In the 40 years since the 1979 founding of the Islamic Republic of Iran, Tehran’s unelected management — namely the supreme leader and his mullahcratic appointees — has been consistently anti-Western, anti-American, and anti-Semitic. In contrast, the elected leadership — the president and the speaker of parliament—have been more malleable, and, in many cases, yesterday’s hardliners have become today’s moderates and vice versa. But in the end, the revolution always trumps political evolution in Tehran.
The Rouhani Redux
Internal political developments and external forces — namely protests and the signing of the Iran nuclear deal — have moderated reliable conservatives and hardened dependable reformists since 1979. The much-ballyhooed pragmatic President Hassan Rouhani is one such example, having resorted in recent months to threatening rhetoric, warning the West that an influx of “drugs, asylum seekers, bombs and terrorism” would accompany new sanctions on Iran. He also declared over the summer that his government was prepared to close the vital Strait of Hormuz, a passageway that carries a third of the world’s oil by sea every day. This line won Rouhani rare praise from Islamic Revolutionary Guard Corps (IRGC) Quds Force Commander Qassem Soleimani, who remarked, “This is the same Dr. Rouhani that we knew and still know, and the one who should be.”
It was that Rouhani who was serving as secretary of the Supreme National Security Council (SNSC) during the crucible of the summer of 1999, when pro-democracy riots dominated debate in Tehran. Rouhani appeared at a counterdemonstration, warning that student instigators would be condemned to death as “enemies of the state” and “corrupt of the earth.” He added, “Our revolution needs a thorough cleanup, and this will help advance the cause of the regime and the revolution.”
But a decade later, Rouhani’s posture shifted. In the aftermath of the 2009 electoral unrest that witnessed unprecedented demonstrations in Iran over a rigged result in favor of firebrand Mahmoud Ahmadinejad, Rouhani commented that “[s]ome have claimed that people’s vote should be merely ceremonial but this is contrary to Ayatollah Khomeini’s views… Some are not happy that Ayatollah Khomeini barred the military from interfering in politics.” What accounted for Rouhani going from militant theocrat to democrat?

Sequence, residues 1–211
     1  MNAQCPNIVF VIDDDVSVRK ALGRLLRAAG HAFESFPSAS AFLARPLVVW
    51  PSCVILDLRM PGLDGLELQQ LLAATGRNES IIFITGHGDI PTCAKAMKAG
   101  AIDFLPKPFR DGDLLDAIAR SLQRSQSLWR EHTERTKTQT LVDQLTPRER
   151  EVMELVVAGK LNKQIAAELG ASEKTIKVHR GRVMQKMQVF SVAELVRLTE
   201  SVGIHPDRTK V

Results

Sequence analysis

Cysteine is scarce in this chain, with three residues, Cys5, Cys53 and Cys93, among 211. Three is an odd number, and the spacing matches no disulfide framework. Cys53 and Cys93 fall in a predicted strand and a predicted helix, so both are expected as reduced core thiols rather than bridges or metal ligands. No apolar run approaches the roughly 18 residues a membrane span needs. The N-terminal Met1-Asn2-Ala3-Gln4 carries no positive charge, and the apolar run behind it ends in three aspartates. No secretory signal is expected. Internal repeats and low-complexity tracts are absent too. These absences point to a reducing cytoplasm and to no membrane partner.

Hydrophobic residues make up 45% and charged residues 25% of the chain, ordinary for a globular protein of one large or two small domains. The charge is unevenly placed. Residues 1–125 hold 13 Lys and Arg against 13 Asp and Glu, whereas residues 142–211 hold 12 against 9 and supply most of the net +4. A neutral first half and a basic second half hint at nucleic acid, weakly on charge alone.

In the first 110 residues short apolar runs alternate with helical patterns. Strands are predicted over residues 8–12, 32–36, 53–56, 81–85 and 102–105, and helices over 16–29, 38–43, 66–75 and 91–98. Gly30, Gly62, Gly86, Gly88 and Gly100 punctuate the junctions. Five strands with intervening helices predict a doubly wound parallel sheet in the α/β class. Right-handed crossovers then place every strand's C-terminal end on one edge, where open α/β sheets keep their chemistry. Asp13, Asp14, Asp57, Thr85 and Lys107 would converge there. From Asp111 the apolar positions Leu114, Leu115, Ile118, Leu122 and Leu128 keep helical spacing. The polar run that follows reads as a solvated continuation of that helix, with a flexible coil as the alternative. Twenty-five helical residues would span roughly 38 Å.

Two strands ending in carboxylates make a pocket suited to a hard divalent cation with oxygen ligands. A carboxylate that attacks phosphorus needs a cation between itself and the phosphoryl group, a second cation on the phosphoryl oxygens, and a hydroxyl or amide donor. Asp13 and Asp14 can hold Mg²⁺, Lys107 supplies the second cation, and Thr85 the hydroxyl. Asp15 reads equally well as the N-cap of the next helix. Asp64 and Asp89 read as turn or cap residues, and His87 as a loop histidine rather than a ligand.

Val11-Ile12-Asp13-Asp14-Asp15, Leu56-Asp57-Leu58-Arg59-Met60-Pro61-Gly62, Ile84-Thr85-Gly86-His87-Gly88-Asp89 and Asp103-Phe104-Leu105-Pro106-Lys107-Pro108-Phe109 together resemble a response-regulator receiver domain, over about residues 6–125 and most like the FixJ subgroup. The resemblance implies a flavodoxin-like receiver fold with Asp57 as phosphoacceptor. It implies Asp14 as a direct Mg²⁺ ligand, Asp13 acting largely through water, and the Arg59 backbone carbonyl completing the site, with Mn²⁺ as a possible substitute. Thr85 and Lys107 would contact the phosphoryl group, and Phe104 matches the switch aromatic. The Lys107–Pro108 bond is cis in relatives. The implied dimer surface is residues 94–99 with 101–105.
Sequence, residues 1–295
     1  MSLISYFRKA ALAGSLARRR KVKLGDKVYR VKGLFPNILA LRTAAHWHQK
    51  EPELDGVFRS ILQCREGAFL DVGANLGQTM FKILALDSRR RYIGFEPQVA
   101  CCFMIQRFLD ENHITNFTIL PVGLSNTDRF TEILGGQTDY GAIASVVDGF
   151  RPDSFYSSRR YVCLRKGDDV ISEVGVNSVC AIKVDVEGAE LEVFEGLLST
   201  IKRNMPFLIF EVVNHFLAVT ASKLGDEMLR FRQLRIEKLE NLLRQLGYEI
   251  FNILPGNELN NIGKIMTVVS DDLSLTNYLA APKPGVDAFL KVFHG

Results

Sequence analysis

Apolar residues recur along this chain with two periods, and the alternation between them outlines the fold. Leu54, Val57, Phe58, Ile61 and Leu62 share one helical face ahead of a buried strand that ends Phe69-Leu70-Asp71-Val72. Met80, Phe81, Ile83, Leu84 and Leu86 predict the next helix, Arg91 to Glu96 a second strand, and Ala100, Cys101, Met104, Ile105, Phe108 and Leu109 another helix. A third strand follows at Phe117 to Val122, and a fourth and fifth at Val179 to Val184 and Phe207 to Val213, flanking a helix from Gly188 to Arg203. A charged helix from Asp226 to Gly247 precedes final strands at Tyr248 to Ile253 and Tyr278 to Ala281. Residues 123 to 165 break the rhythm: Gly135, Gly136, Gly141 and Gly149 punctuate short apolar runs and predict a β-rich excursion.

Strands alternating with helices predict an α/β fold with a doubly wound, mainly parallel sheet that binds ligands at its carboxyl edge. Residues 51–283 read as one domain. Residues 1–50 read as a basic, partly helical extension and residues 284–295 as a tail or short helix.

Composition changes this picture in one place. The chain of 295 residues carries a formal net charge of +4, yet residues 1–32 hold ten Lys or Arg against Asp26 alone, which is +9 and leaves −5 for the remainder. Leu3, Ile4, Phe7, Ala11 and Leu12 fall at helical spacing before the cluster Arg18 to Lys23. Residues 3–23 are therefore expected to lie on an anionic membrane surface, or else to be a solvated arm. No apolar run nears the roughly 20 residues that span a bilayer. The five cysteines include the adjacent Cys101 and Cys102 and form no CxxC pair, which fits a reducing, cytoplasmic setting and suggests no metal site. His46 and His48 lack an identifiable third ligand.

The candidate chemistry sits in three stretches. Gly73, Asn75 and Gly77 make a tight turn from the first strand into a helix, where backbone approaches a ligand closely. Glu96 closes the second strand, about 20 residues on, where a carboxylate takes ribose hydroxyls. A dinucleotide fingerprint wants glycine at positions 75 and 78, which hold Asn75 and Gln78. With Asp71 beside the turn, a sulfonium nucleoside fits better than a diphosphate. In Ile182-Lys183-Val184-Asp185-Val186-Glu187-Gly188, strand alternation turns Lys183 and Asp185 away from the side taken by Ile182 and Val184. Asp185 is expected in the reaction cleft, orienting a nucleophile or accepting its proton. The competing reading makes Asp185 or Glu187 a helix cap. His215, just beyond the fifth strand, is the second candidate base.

The common denominator in Rouhani’s political acrobatics has been a ruthless pragmatism to survive and remain relevant in Tehran’s power hierarchy. During the student demonstrations of 1999, reformist leaders were on the defensive after backlash from the security establishment. Rouhani, therefore, likely saw no upside in casting his lot with Khatami’s besieged camp if he ever hoped to have a political future. Fast forward to 2009, and the opposite dynamic was at play. Reformists and pragmatic conservatives were on the offensive during the Green Movement unrest, protesting the heavy-handedness and overreach of the Ahmadinejad camp and its fellow travelers. Rouhani had the time and space from his perch at the helm of the Center for Strategic Research, a government think tank, to rebrand. It’s this resilience that is the organizing principle of his tenure.
Ali Akbar Nateq-Nouri is another example. He’s had a storied career in Iran — speaker of parliament and interior minister, to name a few positions. In 1997, he was also considered a hardliner’s hardliner, campaigning for president against the moderate Mohammad Khatami, who was dubbed by some commentators as an “Iranian Gorbachev.” Media at the time documented how the supreme leader and the clerical elite supported Nateq-Nouri’s candidacy. After being trounced by Khatami, Nateq-Nouri continued his establishmentarian tendencies, undertaking sensitive assignments. For example, Iranian defectors produced documents that indicate Nateq-Nouri, on behalf of the supreme leader, greenlighted contacts between Tehran and al-Qaeda in the months before September 11, 2001. But by 2009, Nateq-Nouri had evolved. There were reports he endorsed Green Movement leader Mir Hossein Mousavi over Ahmadinejad and supported Hassan Rouhani for reelection as president in 2017. And in 2018, the same Nateq Nouri who once spoke of dabbling with al-Qaeda did not outright reject overtures by President Trump to engage in dialogue with Tehran’s theocracy.